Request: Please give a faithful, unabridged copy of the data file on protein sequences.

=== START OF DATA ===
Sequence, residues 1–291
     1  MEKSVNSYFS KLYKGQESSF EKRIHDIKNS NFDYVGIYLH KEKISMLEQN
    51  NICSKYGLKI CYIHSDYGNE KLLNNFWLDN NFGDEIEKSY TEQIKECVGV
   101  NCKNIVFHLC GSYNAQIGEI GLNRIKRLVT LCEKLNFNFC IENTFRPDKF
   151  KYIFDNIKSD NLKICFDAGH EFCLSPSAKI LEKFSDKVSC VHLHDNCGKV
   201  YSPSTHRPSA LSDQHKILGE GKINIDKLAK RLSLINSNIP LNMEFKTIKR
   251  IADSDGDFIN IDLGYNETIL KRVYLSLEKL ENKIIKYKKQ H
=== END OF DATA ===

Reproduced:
Sequence, residues 1–291
     1  MEKSVNSYFS KLYKGQESSF EKRIHDIKNS NFDYVGIYLH KEKISMLEQN
    51  NICSKYGLKI CYIHSDYGNE KLLNNFWLDN NFGDEIEKSY TEQIKECVGV
   101  NCKNIVFHLC GSYNAQIGEI GLNRIKRLVT LCEKLNFNFC IENTFRPDKF
   151  KYIFDNIKSD NLKICFDAGH EFCLSPSAKI LEKFSDKVSC VHLHDNCGKV
   201  YSPSTHRPSA LSDQHKILGE GKINIDKLAK RLSLINSNIP LNMEFKTIKR
   251  IADSDGDFIN IDLGYNETIL KRVYLSLEKL ENKIIKYKKQ H